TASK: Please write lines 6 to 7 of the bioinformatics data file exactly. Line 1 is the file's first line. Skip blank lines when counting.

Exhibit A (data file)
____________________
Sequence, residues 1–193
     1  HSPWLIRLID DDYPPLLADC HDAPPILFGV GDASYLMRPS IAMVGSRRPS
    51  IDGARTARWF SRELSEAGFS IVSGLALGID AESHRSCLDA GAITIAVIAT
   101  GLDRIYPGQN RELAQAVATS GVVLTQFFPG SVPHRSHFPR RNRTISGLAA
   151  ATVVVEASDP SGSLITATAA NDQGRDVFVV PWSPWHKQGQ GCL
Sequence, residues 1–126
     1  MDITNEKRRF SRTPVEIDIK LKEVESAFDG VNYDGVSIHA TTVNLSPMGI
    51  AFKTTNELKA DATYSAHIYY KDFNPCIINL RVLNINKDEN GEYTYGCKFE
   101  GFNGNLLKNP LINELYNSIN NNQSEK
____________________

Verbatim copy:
Sequence, residues 1–126
     1  MDITNEKRRF SRTPVEIDIK LKEVESAFDG VNYDGVSIHA TTVNLSPMGI